The story of the Gadarene demoniac Legion is the most famous account (Matt 8: 28-34; Mark 5:1-20; Luke 8: 26-39). This is an exorcism that takes place outside Jewish territory where pigs were being kept. Legion was a social outcast living among the tombs so it is not surprising that he attracts the attention of Jesus. We are told that the demons recognise and name Jesus. And curiously He agrees to their request to send them into the pigs which promptly drown themselves, causing a great sensation. Jesus does not seem to mind being the centre of attention in a Gentile country.

    The aftermath is that the people beg Jesus to leave. But the former demoniac is described as 'sitting there, clothed and in his right mind.' Mary of Bethany also sat at the feet of Jesus and was commended by Him for 'choosing the better part.' Sitting at the feet of Jesus as a disciple is always shown as the right place to be in the gospels.
  • Who says all the accounts in the Gospels are of exorcisms? Some could well be Our Lord curing epilepsy....

    I'm not denying the existence of 'demons' - the Church does indeed take this sort of thing seriously, although IIRC the term 'Ministry of Deliverance' is used nowadays in the CofE (not sure what term the Romans use).
  • RublevRublev Shipmate
    I don't have a definitive answer but since it is there in the gospels I'd like to understand what it is doing there. Clearly to the gospel writers and their contemporary readers this was a sign of Jesus' divine identity. It is the very first act of Jesus ministry in Mark's gospel and all the people are amazed and comment upon His authority (Mark 1: 21-29).

    Interestingly, when the 70 disciples report back on their mission they do not emphasise their proclamation of the good news. Instead they declare: 'Lord, even the demons submit to us in your name.' And Jesus replies: 'I saw satan fall like lightening from the sky' (Luke 10: 17-19). So He is focusing upon their spiritual authority in announcing the kingdom.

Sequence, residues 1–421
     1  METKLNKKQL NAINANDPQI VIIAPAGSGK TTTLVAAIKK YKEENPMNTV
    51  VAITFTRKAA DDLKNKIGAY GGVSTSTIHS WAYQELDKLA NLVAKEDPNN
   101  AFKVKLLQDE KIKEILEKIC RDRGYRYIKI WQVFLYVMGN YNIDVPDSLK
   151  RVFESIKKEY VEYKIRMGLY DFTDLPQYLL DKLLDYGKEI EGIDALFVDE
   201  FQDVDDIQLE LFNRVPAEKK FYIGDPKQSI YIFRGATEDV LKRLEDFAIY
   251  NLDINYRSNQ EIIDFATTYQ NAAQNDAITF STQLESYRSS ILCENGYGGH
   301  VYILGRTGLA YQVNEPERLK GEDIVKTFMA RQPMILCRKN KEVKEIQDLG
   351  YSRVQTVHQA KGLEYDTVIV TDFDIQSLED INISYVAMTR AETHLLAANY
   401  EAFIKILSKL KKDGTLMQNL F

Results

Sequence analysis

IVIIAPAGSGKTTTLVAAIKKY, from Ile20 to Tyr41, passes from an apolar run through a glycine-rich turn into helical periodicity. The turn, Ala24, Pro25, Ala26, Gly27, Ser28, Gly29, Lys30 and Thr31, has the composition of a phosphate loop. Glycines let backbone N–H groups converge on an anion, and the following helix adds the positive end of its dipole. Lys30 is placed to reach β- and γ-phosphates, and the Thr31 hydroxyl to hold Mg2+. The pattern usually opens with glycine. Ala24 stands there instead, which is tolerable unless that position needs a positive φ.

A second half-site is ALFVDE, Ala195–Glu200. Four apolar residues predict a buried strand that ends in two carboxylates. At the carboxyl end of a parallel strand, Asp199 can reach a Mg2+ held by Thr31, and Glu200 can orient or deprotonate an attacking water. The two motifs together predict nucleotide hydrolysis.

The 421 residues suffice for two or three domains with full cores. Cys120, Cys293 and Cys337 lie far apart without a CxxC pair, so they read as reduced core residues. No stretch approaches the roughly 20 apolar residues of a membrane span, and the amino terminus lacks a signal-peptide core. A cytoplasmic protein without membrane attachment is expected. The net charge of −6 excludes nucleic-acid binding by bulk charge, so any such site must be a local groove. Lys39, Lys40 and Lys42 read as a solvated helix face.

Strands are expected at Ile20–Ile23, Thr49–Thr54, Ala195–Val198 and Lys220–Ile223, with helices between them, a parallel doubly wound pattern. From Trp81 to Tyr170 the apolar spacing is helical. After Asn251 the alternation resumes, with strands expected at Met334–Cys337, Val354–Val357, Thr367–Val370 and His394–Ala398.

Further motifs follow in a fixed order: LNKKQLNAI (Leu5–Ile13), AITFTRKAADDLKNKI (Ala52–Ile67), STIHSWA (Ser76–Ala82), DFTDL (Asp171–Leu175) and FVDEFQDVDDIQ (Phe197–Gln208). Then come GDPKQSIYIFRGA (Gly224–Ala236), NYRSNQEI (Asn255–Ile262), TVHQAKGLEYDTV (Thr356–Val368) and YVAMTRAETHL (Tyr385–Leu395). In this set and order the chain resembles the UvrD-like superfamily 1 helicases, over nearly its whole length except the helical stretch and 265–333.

• Pertaining to the stories of demonic exorcism possibly being only accounts of epileptic healing I would suggest looking at the story of the demon-possessed boy in Matthew 17: 14-20. This passage, at least in my NRSV, would seem to attribute epilepsy to demonic possession.
  • RublevRublev Shipmate
    I would agree that the boy would fit that description. But the story of Legion and the herd of pigs is a completely different kettle of fish. And so is the fortune telling slave girl. These accounts are there in the NT as testimonies to the superior spiritual authority of Jesus and Paul. But they are not easy for us to discuss today. Many sermons are preached on the miracles of Jesus - but not so many about his power over demons. But to Jesus' contemporaries they were equally valid signs of His identity. So maybe we are the ones who have a cultural bias about it?
  • Rublev wrote: »
    I would agree that the boy would fit that description. But the story of Legion and the herd of pigs is a completely different kettle of fish. And so is the fortune telling slave girl. These accounts are there in the NT as testimonies to the superior spiritual authority of Jesus and Paul. But they are not easy for us to discuss today. Many sermons are preached on the miracles of Jesus - but not so many about his power over demons. But to Jesus' contemporaries they were equally valid signs of His identity. So maybe we are the ones who have a cultural bias about it?

    Now that is a question with much weight behind it. Implications? If a true statement, then why? Likely it is a multifold answer. Off the top of my head I might attribute such bias to the current human egoism, the idea that we; through science & reasoning, can know all; without the aid of God.
  • Martin54Martin54 Shipmate
    Lemon possession?! With a long 'E' it sounds like Yiddish for hooker. But being in possession of a yellow Mediterranean fruit. Hmmmmmm. Goes with djinn and tonic? Yes!

    Come back Mr. Smith! You left your coat.

    @Rublev. The Temptation is easily figurative. Some of the demoniacs are easily neurological-psychiatric. Some aren't. And your point about Jesus' credentials is well made. Jesus was an exorcist's exorcist.

    If that's within the line, reality is complex (dispensational) upon complex (dualist to the point of demiurgical) upon complex...

    I mean really!
  • Martin54 wrote: »
    If they existed, there is no trace of them or any other manifestation of the supernatural now. The dispensation has changed. Or...

    If they didn't exist then, then Gadara is a part of the brilliant C1st Jewish-Greco-Roman humanist myth.

    Or something ineffable in between.

    Or... there IS manifestation of them now, we just don't recognize it-- perhaps because we're too literal in what we think a "demon" looks like.
  • Martin54Martin54 Shipmate
    What, they can look like something with a perfectly natural explanation, that doesn't stand out anomalously in any regard, that demonstrates no occult, four dimensional knowledge, but they're still at work?
  • RublevRublev Shipmate